Reconstruction of Lateral Skull Base Defects: A Comparison of the Submental Flap to Free and Regional Flaps

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To compare reconstructive techniques, operative times, duration of hospitalization, and need for subsequent flap revisions between reconstructive approaches to lateral skull base defects.

Study Design

Case series with chart review.


Tertiary academic referral center.


Patients (n = 31) undergoing reconstruction of composite lateral skull base defects from 2002 to 2014.


Data were analyzed for demographics, tumor characteristics, reconstructive technique, operative time, duration of hospitalization, complications, and outcomes.


Thirty-one patients were identified for inclusion. Lateral temporal bone defects resulted from resection of malignant lesions, including squamous cell carcinoma (n = 25), basal cell carcinoma (n = 2), and other carcinoma (n = 4). Defects were reconstructed with submental flaps (n = 16), pedicled latissimus dorsi flaps (n = 6), and free anterolateral thigh flaps (n = 9). All cases involved neurosurgery, neurotology, and head and neck surgery services. Although time of surgical resection was similar, time saving was noticed with submental reconstruction. Compared with free flaps, submental flap reconstruction was associated with significantly reduced total operative time (mean, 544 vs 683 min; P = .00817) and duration of hospitalization (4.9 vs 9.8 days; P = .02067). Submental flaps were significantly less likely to require revision debulking procedures (mean = 0.6) compared with latissimus dorsi flaps (mean, 1.3; P < .00001) and free flaps (mean, 1.6; P < .00001). There was 100% flap survival.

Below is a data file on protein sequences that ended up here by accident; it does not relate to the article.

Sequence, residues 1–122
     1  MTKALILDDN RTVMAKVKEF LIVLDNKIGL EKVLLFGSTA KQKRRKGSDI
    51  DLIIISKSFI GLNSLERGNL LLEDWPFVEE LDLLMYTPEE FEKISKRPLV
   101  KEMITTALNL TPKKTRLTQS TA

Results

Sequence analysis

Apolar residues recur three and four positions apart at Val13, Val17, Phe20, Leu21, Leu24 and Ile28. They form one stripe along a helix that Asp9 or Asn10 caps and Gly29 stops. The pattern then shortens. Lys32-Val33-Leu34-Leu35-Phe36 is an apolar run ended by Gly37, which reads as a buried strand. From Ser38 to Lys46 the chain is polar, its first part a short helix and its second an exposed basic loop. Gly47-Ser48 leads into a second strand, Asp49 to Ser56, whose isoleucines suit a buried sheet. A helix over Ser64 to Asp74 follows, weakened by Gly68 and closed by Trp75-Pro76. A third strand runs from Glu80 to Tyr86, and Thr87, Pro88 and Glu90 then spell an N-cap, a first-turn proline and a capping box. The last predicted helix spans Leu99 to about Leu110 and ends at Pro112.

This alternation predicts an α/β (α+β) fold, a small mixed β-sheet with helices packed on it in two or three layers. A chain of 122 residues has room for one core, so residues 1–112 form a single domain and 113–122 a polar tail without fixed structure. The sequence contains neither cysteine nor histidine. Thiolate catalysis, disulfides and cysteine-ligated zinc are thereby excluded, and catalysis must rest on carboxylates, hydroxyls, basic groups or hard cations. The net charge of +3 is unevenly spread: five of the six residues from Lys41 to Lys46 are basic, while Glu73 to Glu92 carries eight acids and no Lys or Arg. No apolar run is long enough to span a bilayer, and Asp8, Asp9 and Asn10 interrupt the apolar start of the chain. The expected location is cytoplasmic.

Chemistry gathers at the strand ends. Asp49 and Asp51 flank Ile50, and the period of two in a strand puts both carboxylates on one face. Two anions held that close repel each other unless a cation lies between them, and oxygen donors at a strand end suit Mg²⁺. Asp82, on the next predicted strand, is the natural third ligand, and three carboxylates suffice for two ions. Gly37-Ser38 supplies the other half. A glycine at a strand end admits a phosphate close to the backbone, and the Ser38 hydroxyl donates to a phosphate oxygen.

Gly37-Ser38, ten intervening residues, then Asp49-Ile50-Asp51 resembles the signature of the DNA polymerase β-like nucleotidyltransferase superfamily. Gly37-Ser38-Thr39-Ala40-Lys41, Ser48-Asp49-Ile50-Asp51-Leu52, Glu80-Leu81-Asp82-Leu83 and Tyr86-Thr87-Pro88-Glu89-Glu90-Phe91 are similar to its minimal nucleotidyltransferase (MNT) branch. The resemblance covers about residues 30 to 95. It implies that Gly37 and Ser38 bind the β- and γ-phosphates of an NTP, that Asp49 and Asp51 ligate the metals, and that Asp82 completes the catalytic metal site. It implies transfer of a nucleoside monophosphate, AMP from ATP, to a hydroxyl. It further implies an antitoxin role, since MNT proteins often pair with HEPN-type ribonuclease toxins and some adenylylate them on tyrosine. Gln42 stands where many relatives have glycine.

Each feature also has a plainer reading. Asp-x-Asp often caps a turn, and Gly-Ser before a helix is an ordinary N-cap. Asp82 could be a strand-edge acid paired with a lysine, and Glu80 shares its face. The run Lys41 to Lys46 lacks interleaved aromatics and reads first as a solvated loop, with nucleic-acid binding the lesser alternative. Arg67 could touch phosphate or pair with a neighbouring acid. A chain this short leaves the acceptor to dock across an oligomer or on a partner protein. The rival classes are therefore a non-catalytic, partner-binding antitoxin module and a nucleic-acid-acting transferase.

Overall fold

The musculocutaneous submental flap provides an excellent option for reconstruction of lateral skull base defects given its proximity, reliability, ease of harvest, and exceptional color match. Submental flap reconstruction was associated with reduced operative time, hospitalization duration, and flap revisions.

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